Home > Uncategorized > Discover the khazana of Sanjeev Kapoor

Discover the khazana of Sanjeev Kapoor

Popular cookery show ‘Khana Khazana’ getting aired for last 15 years, Chef Sanjeev Kapoor has definitely changed the dynamics of quintessential India kitchens and pampered our taste buds with his typical cross-over recipes for over two decades. He is also sharing the space with star chefs from culinary capitals across the globe in Singapore Airlines International Culinary Panel. With his kitty full of accolades, he is still busy experimenting with his wok and ladle while active in the process, Food & Nightlife manages to get candid with the man himself as we put him on a rapid fire.

A celebrated T.V personality, a dancer and a chef… what is the secret of your energy and the role you love the most?
When you love the work that you do, the passion increases with every passing year. Cooking is a passion and it is a creative activity and when you create you do get energised! I do not waste my time and energy on non priorities in life.

What makes you look so young, is it your own recipes?
Good nutritious food, proper sleep and a zest for life – keeps me fired up.

When you started things were totally different, what is the kind of transformation you have seen during the course?
The profession of chef was certainly not what it is considered now. The profession has been elevated and chefs are no longer considered as ‘cooks’ and this is a positive thing that has happened in the last two decades.

What are the latest food trends in India?
The Indian palate is quite excited with the influx of international cuisine. The adventurous are no longer restricted to Chinese. Be it Italian, Mexican, Lebanese or Thai, Indians are loving it. But let me tell you, that the basic desire for ‘ghar ka khana’ will always be there and remain at the root of our eating habits.

Would like to pass your legacy to your children?
My daughters Rachita and Kriti do love to help around in the kitchen. It is natural for the kids to emulate the parents but only till the time they can make their own decisions. I am not sure at this stage if any one of them would like to walk in my foot steps! Time will tell.

Who cook at home you or Alyona and who cooks better?
This is one question that I have been asked more than a thousand times. Home is a woman’s domain and Alyona is a very good cook. We also have our Savitri Amma who has been cooking for us since many years. I cook when we have a birthday celebration at home or when the kids demand anything special. I also cook when a new idea strikes me and I have to try it out in the kitchen, not caring if it is 3 am in the morning!


Your favourite dish and food destination?
Two dishes: kadhi chawal and rajma chawal! And destination: my dining table at home! I love brown rice with either Gujarati kadhi or Punjabi kadhi or rajma!

Place you would like to eat in Delhi, Mumbai and International?
Alyona and I enjoyed a great meal at Tetsuya’s in Australia some time back. There are so many new places to try out in the metros that I cannot really pinpoint any particular favourite.

Pearls of wisdom for the budding Chefs?
Define your career path. Know what you want and then go for it! The sky is the limit in this profession and one needs to think big. Three requirements: hard work, sacrifice and dedication…is the mantra of success.

Arrival of International flavours has changed the things we used to eat, so what is the next big thing?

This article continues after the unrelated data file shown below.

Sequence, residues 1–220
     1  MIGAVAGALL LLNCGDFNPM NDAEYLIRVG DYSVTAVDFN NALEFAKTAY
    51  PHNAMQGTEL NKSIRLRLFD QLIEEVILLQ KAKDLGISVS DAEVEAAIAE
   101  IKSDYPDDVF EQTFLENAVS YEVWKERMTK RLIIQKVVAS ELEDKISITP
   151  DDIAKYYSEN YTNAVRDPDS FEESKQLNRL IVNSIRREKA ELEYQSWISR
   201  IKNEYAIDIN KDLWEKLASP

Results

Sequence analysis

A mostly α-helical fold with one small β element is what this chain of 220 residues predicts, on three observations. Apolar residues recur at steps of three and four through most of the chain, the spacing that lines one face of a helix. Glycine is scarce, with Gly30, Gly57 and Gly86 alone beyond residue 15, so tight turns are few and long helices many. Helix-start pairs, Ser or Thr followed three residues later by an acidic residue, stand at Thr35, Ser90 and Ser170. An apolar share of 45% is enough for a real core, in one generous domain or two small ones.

Emerging international cuisines are Japanese, Vietnamese, Malaysian, Moroccan and bit of Middle Eastern. Japanese and Vietnamese are particularly on the rise due to the lightness and health aspect of these cuisines. India will see a surge of Latin American food be it Peruvian or from Argentina and Brazil. The US is seeing the emergence of Afghani food. That’s a surprise. It would surprise you further to know that Afghani food is not Mughlai but a blend of Irani, Persian, Mediterranean and yes, one more surprise, Chinese cuisine! Spa cuisine is catching up in India (though fading in the West). You go to a spa to feel better and are served customized menus (not necessarily satvic). In India it will gain momentum as we have Ayurveda to back it and as I see it, the West will pick it up again and this time round it will be a success as the Indian principles and Ayurveda will be in place. Fusion cuisine is passé. It was a temporary phase and India’s honeymoon period is over. We are ready for regional fusion though, something like North Indian Chicken in South Indian Gravy or Pani Puri with Kokam Sherbet. Savoury and hot spices are finding their way as flavouring and ingredients in desserts, cookies and candy. There is a Mexican Chocolate with Mexican cinnamon, all spice and a hint of habanero. The small plate rage has just begun : be it Indian Chaat, Middle Eastern Mezze, Spanish Tapas… the small plates craze will keep going and growing and this has just reached India. Look for ‘grazing menus’ that are basically a compilation of special/signature dishes from the main menu where one can sample eight or more dishes (very small portions), course wise, at a fixed price.

Sanjeev Kapoor Special Recipe
TAWA PANEER CHAT
Heat 3 tablespoons oil on a tawa, add 2 large chopped onions. Sauté till browned. Add 1 teaspoon ginger paste and 1 teaspoon garlic paste and continue to sauté. Add a little water and continue to sauté for a minute. Add 3-4 chopped green chillies and sauté for another minute. Add ¾ cup tomato puree, 3-4 tablespoons pav bhaji masala, salt to taste and ½ tablespoon chaat masala and continue to cook on low heat till oil separates from the masala. Add 500 grams cubed paneer and 1 tablespoon chopped coriander leaves. Stir gently. Check seasoning and cook on low heat for two minutes. Make small holes in some pani puris and stuff it with the paneer mixture. Serve garnished with chopped coriander leaves.

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